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Saw Won’t Turn On
The saw won’t turn on when the battery is inserted.
The Battery isn’t charged
Charge it. If you’ve tried charging it and it didn’t charge, you can try cleaning off the battery and making sure it is properly installed in the saw. It may be necessary to clean the metal contacts located on top of the battery.
Battery is damaged or expired
Rechargeable batteries usually last around 2-3 years before needing replacement. Battery service life can be shortened by extreme temperatures, especially very hot temperatures; leaving the battery on the charger after full charge capacity is reached; and total number of charges on the battery. If your battery doesn’t hold a charge, it may be time to get a new battery.
The trigger switch on your saw is a common point of failure. Your saw uses a micro switch which can fail after lots of use. The switch should click when squeezing the trigger. Additionally, if the trigger no longer returns to the neutral position, the switch may have failed. You can use This Guide (INSERT GUIDE: Switch Assembly Guide) to inspect or replace the switch. If corrosion forms on the switch contacts, the switch may fail quicker, and it may be necessary to replace the switch. Moist or humid environments can cause corrosion to form.
The saw vibrates excessively when in use.
Possible warped or damaged blade
If the saw vibrates excessively during operation, the saw blade may be warped or damaged. Inspect the blade for warping or damage. Using a warped or damaged blade is hazardous: replace a warped or damaged blade immediately.
Possible worn, warped, or damaged inner flange bushing
If the blade is in good condition, the inner flange bushing may be worn, warped, or damaged. Inspect to ensure no gouging, visual damage, or wearing of black factory finish. Lay blade side of bushing on a flat surface to ensure inner flange bushing is square. For more detail on this process, consult the Inner Flange Bushing Guide (INSERT GUIDE: Inner Flange Bushing Guide) If the inner flange bushing is worn, warped, or damaged, replace it using our guide.
Blade Lock Doesn’t Work
The blade lock does not immobilize the saw blade or does not return to its neutral position when released.
Lock mechanism is worn or damaged
If the blade lock button is pushed in but the blade will not stop rotating, it means that the blade stop has been broken or worn out on the inside and it is not able to grab or hold onto the shaft that the blade itself is put on. Replace the blade lock assembly using the Spindle Lock Assembly Guide (INSERT GUIDE: Spindle Lock Assembly Guide).
Lock mechanism does not push in freely or sticks in the locked position
If the blade lock will not push in, or has increased resistance while pushing the groves that the blade lock rides in might have some saw dust or other debris stuck in the groves. Take the spindle lock assembly apart using the Spindle Lock Assembly Guide (INSERT GUIDE: Spindle Lock Assembly Guide) and clean out the channel.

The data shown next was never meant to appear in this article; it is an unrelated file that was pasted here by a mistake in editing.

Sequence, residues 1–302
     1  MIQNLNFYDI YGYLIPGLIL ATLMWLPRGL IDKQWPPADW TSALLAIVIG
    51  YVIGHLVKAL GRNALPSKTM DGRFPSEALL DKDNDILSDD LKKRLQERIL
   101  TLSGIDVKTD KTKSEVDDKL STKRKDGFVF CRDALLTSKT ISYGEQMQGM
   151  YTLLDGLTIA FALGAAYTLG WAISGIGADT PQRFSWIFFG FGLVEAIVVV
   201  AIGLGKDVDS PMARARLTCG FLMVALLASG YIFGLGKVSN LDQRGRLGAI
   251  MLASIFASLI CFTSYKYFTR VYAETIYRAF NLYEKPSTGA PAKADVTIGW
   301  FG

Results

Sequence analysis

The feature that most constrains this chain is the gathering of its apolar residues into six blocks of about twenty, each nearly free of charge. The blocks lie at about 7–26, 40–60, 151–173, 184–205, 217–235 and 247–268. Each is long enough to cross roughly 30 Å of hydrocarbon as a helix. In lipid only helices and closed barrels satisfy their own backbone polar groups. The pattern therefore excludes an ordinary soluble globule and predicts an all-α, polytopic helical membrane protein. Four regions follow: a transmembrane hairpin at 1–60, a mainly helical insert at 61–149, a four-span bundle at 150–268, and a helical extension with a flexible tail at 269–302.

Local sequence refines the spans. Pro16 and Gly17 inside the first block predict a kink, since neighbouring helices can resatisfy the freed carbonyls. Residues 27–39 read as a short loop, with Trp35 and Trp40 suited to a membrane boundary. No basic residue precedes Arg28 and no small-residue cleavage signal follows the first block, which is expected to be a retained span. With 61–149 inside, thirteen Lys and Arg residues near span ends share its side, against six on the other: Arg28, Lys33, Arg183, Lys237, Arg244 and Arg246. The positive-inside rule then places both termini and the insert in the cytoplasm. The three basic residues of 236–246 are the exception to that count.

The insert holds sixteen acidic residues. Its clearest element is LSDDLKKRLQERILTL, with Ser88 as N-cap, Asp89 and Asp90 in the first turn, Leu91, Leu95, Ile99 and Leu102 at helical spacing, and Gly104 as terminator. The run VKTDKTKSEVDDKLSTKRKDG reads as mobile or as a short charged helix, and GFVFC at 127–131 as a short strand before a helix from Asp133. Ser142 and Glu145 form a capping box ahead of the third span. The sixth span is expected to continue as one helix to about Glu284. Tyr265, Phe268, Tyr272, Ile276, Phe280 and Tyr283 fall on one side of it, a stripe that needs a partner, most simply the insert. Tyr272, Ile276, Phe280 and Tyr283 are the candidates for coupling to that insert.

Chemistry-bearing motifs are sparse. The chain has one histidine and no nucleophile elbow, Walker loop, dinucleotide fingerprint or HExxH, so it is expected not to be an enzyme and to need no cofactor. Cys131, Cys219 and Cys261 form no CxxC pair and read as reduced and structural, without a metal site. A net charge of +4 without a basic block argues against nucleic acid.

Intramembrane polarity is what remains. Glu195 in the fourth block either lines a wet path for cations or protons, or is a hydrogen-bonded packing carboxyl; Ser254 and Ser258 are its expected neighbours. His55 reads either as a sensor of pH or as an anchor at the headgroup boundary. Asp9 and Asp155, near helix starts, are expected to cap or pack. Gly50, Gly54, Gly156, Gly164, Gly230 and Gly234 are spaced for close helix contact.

Can’t Adjust Blade Height/ Depth Gauge Binds
The base assembly will not pivot to set blade cutting depth.
Debris obstructing depth gauge or tilting mechanism on base assembly
The high speed rotation of the saw blade creates a lot of particulates when cutting. Some of this debris can become lodged in the tilting mechanism of the base assembly restricting movement. This Guide (INSERT GUIDE: Base Assembly Guide) will show you how to blow out the depth gauge track, lever assembly, and tilting mechanism with compressed air. Add a small amount of graphite or silicone lubricant (won’t attract sawdust or dirt) to help loosen stubborn parts.
Broken cut depth lever
A lever is provided to make quick, easy cutting depth adjustment at the base of the saw. As these items are plastic, they can break if over-tightened. This guide (INSERT GUIDE: Lever and Lever Spring) will show you how to replace the cut depth lever.
The saw blade wobbles when saw is in operation.
Warped or misaligned saw blade.
This saw is designed to accept 7-¼” diameter wood cutting blades with a 1⁄2” round mounting hole. Do not attempt to mount a diamond-pattern mounted circular saw blade, an abrasive cut-off wheel, or any saw blade with a mounting hole larger than ½”. Excessive side forces applied to a circular saw blade can cause the blade to warp, inducing a wobble. A wobbling saw blade is extremely dangerous. If the blade develops a wobble during use, IMMEDIATELY release the trigger. Hold the saw motionless until the blade comes to a complete stop. Replace the saw blade if warped or not designed to mount on a ½” drive shaft.